By Peter Reap, J.D., LL.M.
In the suit by the U.S. asserting that AT&T, Inc.’s proposed $108 billion acquisition of Time Warner, Inc. (TWI) should be blocked on antitrust grounds, AT&T and TWI were not entitled to compel further discovery in the form of privilege logs and written and oral communications relating to the selective enforcement defense because the defendants failed to support their defense with showings of discriminatory effect and intent—essentially, the federal district court in the District of Columbia reasoned that although the case is a "rare breed of horse, it is not exactly a unicorn!" Therefore, the defendants motion to compel production of the requested privilege logs was denied, and the government’s motion to strike the defendants’ outstanding discovery and interrogatory requests for (1) all written communications about the merger between the White House and the Attorney General’s office; (2) all written communications about the White House’s view of the merger between the Attorney general’s office and the Antitrust Division; and (3) all oral communications between the White House and the Antitrust Division with regard to the AT&T merger was granted (U.S. v. AT&T, Inc., February 20, 2018, Leon, R.).
With their selective enforcement defense, the defendants claim that the government’s suit improperly seeks to selectively enforce the antitrust laws. They argue that the challenge to their vertical merger was motivated, not be legitimate antitrust concerns, but because one of the TWI networks to be acquired, CNN, has engaged in political speech disfavored by President Trump.
In December 2017, the defendants requested discovery relating to their selective enforcement defense, including summary documents known as privilege logs that catalogue the existence (but not contents) of certain communications regarding the White House’s views of the merger. The U.S. has already produced one such log, setting forth a list of "all written communications between the White House and the Antitrust Division" relating to the subject of the merger. And though that log indicates, apparently, no "untoward" communications between those two, according to the court, the defendants have asked the government to produce similar logs listing the three categories of information detailed above.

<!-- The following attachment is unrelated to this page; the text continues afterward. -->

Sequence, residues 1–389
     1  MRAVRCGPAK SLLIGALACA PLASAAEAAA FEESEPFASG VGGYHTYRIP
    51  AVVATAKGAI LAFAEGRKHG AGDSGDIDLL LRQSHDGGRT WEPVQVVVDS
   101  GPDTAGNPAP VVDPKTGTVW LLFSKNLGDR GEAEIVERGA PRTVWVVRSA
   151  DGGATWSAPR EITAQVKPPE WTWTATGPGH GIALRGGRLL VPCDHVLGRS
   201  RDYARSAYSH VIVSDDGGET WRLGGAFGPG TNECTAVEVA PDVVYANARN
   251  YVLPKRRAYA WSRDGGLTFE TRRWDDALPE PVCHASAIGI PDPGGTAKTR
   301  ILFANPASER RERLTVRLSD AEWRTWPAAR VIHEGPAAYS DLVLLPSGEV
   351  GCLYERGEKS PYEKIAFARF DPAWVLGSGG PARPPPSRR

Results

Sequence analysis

Both sides agree that the Supreme Court’s decision in U.S. v. Armstrong, 517 U.S. 456 (1996) controls the analysis of the defendant’s entitlement to additional discovery on their selective enforcement defense. In that case, the Court emphasized that court orders allowing discovery into the exercise of prosecutorial discretion, such as those resolving the merits of a selective enforcement claim, raise substantial concerns. Those concerns include the judiciary’s inability to competently assess the basis for a decision to prosecute, impairment of the Executive Branch’s core constitutional function, and the fact that selective enforcement discovery will divert prosecutorial resources and risks disclosure of the government’s prosecutorial strategy.
Under the standard established by Armstrong, the defendants must put forth some evidence showing the existence of the essential elements of their defense, discriminatory effect and discriminatory intent, according to the court. Here, AT&T and TWI could not do so, the court held.
AT&T and TWI fell short of showing that this enforcement action was selective—that there exist persons similarly situated who have not been prosecuted. Indeed, it was difficult to even conceptualize how a selective enforcement defense claim would apply in the antitrust context, where each merger must be functionally viewed in the context of its particular industry and in light of all of the other factors, including the size of the transaction, influencing the transaction’s effect on competition. The defendants produced only one specific example, Comcast’s 2011 acquisition of NBC Universal (NBCU), as the requisite comparator for their selective enforcement claim. But, as pointed out by the government, the Antitrust Division did file an antitrust suit to enjoin the Comcast-NBCU transaction and the suit was resolved through a settlement. Thus, the attempt to use the Comcast-NBCU transaction as the basis for the selective enforcement claim was rejected, the court ruled.
This is not the first time that the government has found an antirust problem with a proposed vertical merger or insisted on a structural remedy as a condition to the settlement, the court observed. While this case may "be a rare breed of horse, it is not exactly a unicorn!" the court exclaimed.
The case is No. 17-2511 (RJL).
Attorneys: Craig William Conrath, U.S. Department of Justice, for the United States. Katrina M. Robson (O'Melveny & Myers LLP) for AT&T Inc. and DIRECTV Group Holdings, LLC. Christine Anne Varney (Cravath, Swaine & Moore LLP) for Time Warner Inc.
Companies: AT&T Inc.; DIRECTV Group Holdings, LLC; Time Warner Inc.
MainStory: TopStory Antitrust AcquisitionsMergers AntitrustDivisionNews
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